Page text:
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Sebastian Siller, Rami Kasem, Thomas-Nikolaus Witt, Joerg-Christian Tonn, and Stefan Zausinger

OBJECTIVE

Various neurological diseases are known to cause progressive painless paresis of the upper limbs. In this study the authors describe the previously unspecified syndrome of compression-induced painless cervical radiculopathy with predominant motor deficit and muscular atrophy, and highlight the clinical and radiological characteristics and outcomes after surgery for this rare syndrome, along with its neurological differential diagnoses.

METHODS

Medical records of 788 patients undergoing surgical decompression due to degenerative cervical spine diseases between 2005 and 2014 were assessed. Among those patients, 31 (3.9%, male to female ratio 4.8 to 1, mean age 60 years) presented with painless compressive cervical motor radiculopathy due to neuroforaminal stenosis without signs of myelopathy; long-term evaluation was available in 23 patients with 49 symptomatic foraminal stenoses. Clinical, imaging, and operative findings as well as the long-term course of paresis and quality of life were analyzed.

RESULTS

Presenting symptoms (mean duration 13.3 months) included a defining progressive flaccid radicular paresis (median grade 3/5) without any history of radiating pain (100%) and a concomitant muscular atrophy (78%); 83% of the patients were smokers and 17% patients had diabetes. Imaging revealed a predominantly anterior nerve root compression at the neuroforaminal entrance in 98% of stenoses. Thirty stenoses (11 patients) were initially decompressed via an anterior surgical approach and 19 stenoses (12 patients) via a posterior surgical approach. Overall reoperation rate due to new or recurrent stenoses was 22%, with time to reoperation shorter in smokers (p = 0.033). Independently of the surgical procedure chosen, long-term follow-up (mean 3.9 years) revealed a stable or improved paresis in 87% of the patients (median grade 4/5) and an excellent general performance and quality of life.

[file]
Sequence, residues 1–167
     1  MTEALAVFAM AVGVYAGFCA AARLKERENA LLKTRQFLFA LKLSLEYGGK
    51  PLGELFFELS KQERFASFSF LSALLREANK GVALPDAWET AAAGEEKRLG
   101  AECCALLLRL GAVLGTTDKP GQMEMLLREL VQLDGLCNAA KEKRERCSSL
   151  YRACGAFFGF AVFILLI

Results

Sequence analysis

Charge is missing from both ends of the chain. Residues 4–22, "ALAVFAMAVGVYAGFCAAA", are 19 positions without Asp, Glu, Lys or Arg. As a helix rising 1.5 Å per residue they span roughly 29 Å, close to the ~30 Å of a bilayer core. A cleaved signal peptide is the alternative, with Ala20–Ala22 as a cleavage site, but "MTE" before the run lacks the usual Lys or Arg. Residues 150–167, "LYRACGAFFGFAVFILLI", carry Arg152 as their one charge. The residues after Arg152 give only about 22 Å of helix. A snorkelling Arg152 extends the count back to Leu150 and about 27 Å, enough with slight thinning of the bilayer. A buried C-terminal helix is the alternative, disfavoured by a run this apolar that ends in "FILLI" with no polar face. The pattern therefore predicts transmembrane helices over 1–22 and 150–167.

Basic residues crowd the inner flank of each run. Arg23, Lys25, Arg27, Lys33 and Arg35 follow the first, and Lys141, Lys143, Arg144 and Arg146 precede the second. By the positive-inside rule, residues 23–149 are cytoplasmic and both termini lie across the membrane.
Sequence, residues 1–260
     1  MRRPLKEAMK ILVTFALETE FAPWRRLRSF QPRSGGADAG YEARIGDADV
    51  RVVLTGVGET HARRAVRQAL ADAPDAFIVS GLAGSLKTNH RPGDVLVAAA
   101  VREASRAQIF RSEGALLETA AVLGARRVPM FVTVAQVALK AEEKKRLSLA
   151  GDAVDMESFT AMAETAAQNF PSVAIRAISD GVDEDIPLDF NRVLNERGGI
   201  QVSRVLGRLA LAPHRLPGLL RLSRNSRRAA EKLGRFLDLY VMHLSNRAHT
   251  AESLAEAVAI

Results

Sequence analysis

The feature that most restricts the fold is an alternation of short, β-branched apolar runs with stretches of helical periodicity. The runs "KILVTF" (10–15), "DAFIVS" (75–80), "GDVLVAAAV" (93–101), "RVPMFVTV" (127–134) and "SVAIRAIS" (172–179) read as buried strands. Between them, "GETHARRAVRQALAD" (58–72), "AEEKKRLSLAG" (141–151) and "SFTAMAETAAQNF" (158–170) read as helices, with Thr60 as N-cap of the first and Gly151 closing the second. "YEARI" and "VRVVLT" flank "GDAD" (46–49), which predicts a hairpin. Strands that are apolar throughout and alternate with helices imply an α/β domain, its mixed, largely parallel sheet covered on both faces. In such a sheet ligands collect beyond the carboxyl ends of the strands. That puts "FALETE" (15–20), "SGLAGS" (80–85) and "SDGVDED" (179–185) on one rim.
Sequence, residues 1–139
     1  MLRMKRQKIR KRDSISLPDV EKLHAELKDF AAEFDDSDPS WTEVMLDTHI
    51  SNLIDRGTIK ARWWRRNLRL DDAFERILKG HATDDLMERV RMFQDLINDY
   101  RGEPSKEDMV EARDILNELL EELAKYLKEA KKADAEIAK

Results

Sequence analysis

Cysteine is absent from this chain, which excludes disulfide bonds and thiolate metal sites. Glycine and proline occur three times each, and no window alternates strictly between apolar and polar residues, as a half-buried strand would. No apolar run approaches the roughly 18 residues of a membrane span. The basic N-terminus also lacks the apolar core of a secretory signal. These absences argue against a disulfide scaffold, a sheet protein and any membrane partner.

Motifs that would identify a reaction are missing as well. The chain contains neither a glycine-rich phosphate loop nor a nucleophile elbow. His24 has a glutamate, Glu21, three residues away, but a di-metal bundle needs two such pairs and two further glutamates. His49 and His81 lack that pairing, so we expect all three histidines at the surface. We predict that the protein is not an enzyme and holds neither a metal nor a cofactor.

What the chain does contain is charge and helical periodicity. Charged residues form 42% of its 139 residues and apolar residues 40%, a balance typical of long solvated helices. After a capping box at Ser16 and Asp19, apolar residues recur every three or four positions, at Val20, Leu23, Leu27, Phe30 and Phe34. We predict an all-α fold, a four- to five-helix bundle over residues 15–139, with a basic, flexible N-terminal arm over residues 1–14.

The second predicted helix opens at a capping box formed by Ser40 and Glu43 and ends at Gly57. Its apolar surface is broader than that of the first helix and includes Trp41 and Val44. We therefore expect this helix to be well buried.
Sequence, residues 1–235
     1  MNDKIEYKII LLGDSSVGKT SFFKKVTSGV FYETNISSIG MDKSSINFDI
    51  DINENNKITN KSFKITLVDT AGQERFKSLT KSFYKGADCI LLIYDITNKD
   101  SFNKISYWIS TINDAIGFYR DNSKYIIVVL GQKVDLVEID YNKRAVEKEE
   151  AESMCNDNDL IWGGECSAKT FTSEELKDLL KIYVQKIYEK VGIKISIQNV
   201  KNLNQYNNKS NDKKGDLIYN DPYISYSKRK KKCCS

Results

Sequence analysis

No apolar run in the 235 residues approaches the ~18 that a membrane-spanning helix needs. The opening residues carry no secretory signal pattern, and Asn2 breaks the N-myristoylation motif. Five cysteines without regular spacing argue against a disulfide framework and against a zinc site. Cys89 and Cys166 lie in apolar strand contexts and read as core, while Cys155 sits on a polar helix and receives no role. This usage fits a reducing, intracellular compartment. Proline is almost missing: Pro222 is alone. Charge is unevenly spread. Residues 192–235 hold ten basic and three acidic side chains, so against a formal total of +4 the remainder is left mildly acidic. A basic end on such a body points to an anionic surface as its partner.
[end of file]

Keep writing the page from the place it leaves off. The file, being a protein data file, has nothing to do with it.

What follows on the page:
CONCLUSIONS

Painless cervical motor radiculopathy predominantly occurs due to focal compression of the anterior nerve root at the neuroforaminal entrance. Surgical decompression is effective in stabilizing or improving motor function with a resulting favorable long-term outcome.

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Sebastian Siller, Caroline Zoellner, Manuel Fuetsch, Raimund Trabold, Joerg-Christian Tonn, and Stefan Zausinger

OBJECTIVE

Since the 1970s, the operating microscope (OM) has been a standard for visualization and illumination of the surgical field in spinal microsurgery. However, due to its limitations (e.g., size, costliness, and the limited movability of the binocular lenses, in addition to discomfort experienced by surgeons due to the posture required), there are efforts to replace the OM with exoscopic video telescopes. The authors evaluated the feasibility of a new 3D exoscope as an alternative to the OM in spine surgeries.

METHODS

Patients with degenerative pathologies scheduled for single-level lumbar or cervical spinal surgery with use of a high-definition 3D exoscope were enrolled in a prospective cohort study between January 2019 and September 2019. Age-, sex-, body mass index–, and procedure-matched patients surgically treated with the assistance of the OM served as the control group. Operative baseline and postoperative outcome parameters were assessed. Periprocedural handling, visualization, and illumination by the exoscope, as well as surgeons’ comfort level in terms of posture, were scored using a questionnaire.

RESULTS

A 3D exoscope was used in 40 patients undergoing lumbar posterior decompression (LPD) and 20 patients undergoing anterior cervical discectomy and fusion (ACDF); an equal number of controls in whom an OM was used were studied. Compared with controls, there were no significant differences for mean operative time (ACDF: 132 vs 116 minutes; LPD: 112 vs 113 minutes) and blood loss (ACDF: 97 vs 93 ml; LPD: 109 vs 55 ml) as well as postoperative improvement of symptoms (ACDF/Neck Disability Index: p = 0.43; LPD/Oswestry Disability Index: p = 0.76). No intraoperative complications occurred in either group. According to the attending surgeon, the intraoperative handling of instruments was rated to be comparable to that of the OM, while the comfort level of the surgeon’s posture intraoperatively (especially during “undercutting” procedures) was rated as superior. In cases of ACDF procedures and long approaches, depth perception, image quality, and illumination were rated as inferior when compared with the OM. By contrast, for operating room nursing staff participating in 3D exoscope procedures, the visualization of intraoperative process flow and surgical situs was rated to be superior to the OM, especially for ACDF procedures.

CONCLUSIONS

A 3D exoscope seems to be a safe alternative for common spinal procedures with the unique advantage of excellent comfort for the surgical team, but the drawback is the still slightly inferior visualization/illumination quality compared with the OM.